If she’s working with someone who has just left the comfort of a cushy job or a position in the corporate world to pursue their dream of owning their own business, but they aren’t sure where to begin or how to put the much needed structure in place, Shawn-Marie takes them by the hand and with the most creative, savvy, professional, committed and reliable guidance (think Gordon Ramsay), she teaches them how to become self-confident, tap into their worth and create a life and business they love. I share all of this with you because it is that same level of tenacity, attention and passion that she shares with me, when I show her the color of a true Pinot Noir shining through a glass. She is completely and ever present. It is also how she responds when she brings the wine’s aroma to her nose and finds the flavor in the grapes and at times, she finds it faster than I do.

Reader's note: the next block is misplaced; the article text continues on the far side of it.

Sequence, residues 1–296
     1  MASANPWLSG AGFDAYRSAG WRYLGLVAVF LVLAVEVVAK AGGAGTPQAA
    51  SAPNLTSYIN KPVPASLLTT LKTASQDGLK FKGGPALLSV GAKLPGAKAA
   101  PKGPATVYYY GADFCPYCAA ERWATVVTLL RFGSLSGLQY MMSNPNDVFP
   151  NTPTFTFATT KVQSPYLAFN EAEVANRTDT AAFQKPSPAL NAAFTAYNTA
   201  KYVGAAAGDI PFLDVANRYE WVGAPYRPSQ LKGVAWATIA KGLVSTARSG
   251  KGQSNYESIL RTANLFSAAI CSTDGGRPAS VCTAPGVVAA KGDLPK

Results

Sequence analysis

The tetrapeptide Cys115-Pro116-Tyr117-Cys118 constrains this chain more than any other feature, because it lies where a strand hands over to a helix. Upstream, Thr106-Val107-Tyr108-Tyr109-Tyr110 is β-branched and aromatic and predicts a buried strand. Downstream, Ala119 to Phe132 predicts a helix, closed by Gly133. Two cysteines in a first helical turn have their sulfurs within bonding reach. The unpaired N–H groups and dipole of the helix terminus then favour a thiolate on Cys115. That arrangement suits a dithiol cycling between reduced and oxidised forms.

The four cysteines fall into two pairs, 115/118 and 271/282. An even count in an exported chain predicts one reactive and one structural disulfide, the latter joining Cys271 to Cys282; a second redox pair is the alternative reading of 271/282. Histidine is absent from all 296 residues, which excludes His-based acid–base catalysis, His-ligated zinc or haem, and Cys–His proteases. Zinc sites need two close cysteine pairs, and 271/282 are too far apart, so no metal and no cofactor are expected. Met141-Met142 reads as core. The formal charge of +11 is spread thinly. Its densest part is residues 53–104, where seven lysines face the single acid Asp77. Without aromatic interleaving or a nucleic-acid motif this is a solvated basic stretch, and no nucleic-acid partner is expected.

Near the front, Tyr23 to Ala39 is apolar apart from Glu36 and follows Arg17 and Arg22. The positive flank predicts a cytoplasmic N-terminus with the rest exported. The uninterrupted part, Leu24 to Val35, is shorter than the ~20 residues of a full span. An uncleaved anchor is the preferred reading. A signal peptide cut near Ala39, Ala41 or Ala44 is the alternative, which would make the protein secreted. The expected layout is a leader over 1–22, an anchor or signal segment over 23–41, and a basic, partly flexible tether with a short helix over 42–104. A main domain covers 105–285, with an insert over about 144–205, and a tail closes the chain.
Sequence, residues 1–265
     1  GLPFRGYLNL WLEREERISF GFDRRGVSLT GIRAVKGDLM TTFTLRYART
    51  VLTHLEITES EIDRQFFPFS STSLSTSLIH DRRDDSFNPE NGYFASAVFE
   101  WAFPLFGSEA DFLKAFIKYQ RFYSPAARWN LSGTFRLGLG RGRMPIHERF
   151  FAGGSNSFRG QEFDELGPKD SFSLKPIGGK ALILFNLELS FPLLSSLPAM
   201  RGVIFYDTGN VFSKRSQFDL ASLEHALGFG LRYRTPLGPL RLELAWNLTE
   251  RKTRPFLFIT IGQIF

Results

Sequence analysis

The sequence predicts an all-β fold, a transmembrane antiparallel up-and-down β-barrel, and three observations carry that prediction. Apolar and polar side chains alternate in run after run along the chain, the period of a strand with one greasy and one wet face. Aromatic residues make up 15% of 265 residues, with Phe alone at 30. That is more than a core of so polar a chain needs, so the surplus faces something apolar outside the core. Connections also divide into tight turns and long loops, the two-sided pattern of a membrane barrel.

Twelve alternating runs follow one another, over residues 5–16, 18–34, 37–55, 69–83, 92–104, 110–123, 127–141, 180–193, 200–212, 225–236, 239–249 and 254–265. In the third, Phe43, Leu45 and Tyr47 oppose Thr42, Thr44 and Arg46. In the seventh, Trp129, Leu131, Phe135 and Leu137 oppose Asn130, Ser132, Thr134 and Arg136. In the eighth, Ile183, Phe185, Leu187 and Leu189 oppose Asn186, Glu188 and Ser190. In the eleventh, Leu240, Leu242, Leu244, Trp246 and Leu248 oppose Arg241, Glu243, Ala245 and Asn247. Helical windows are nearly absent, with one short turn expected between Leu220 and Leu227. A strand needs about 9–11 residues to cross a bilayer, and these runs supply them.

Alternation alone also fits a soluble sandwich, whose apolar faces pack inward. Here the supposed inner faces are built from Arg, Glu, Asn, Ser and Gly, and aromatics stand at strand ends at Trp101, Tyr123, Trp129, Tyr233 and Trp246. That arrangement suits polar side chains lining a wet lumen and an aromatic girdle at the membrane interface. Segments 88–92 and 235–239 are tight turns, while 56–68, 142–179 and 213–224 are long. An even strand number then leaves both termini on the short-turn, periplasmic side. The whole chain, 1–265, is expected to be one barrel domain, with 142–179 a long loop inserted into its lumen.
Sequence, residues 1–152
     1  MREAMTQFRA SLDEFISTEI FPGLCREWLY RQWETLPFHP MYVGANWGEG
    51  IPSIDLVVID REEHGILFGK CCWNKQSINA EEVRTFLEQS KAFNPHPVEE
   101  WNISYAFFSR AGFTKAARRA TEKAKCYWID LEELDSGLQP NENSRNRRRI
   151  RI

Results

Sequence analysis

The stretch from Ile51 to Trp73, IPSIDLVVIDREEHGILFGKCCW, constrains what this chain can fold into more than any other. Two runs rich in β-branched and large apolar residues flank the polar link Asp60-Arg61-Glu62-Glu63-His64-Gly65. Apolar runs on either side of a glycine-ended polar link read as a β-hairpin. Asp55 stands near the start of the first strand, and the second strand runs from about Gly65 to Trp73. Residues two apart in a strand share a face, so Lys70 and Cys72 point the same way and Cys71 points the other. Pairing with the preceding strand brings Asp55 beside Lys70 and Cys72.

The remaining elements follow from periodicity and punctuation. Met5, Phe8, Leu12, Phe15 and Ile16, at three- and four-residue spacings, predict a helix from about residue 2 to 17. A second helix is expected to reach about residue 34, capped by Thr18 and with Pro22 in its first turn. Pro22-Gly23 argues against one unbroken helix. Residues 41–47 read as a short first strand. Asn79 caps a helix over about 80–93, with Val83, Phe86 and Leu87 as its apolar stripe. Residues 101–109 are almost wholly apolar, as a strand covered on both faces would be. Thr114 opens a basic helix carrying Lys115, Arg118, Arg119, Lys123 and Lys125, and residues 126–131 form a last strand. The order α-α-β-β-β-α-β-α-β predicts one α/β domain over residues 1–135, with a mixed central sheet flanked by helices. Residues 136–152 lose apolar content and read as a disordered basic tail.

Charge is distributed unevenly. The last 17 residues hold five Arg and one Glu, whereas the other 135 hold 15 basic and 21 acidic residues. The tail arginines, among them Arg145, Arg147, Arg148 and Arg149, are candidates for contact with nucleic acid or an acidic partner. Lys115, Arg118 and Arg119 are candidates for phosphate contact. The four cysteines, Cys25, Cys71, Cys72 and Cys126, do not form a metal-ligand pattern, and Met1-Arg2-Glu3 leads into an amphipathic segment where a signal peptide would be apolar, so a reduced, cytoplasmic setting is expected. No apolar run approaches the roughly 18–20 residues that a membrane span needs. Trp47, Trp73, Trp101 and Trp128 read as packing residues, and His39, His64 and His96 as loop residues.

Here is the truth: a good teacher is nothing without the willingness to be continually educated. I bring up all these fine qualities of my wife because during dinner the other night she leaned into me after she took a long drink of a mid-range Pinot Noir (Testarossa Pinot Noir Santa Lucia Highlands, 2009 - $29) and said in the sexiest of voices you’ve ever heard, “I have come to believe that there is no Pinot Noir under $45 worth drinking.” And with that a wide smile appeared on my face, like Master Kan did when Kwai Chang Caine snatched the stone from his hand and sent Grasshopper on his journey. I put my glass down, wiped a tear from my eye and said “You had me when you said that the winemaker lacked passion in his vines and that the aroma smelled hurried and the fruit was scared.” This woman my dear reader is my partner in wine and this month we celebrate 15 years of wedded insanity. A long and winding road it has been and yet, we have continued to find ways to always discover the passion in one another. I am sure it doesn’t hurt that my day job is working as a Marketing Manager and Designer for one of the world’s largest adult toy manufacturers. On a weekly basis, I’m brining home boxes of vibrators, dildos, paddles and so on… for her/us to test and critique. Those horribly written 50 Shades of Gray novels have nothing on the level of adventure we find.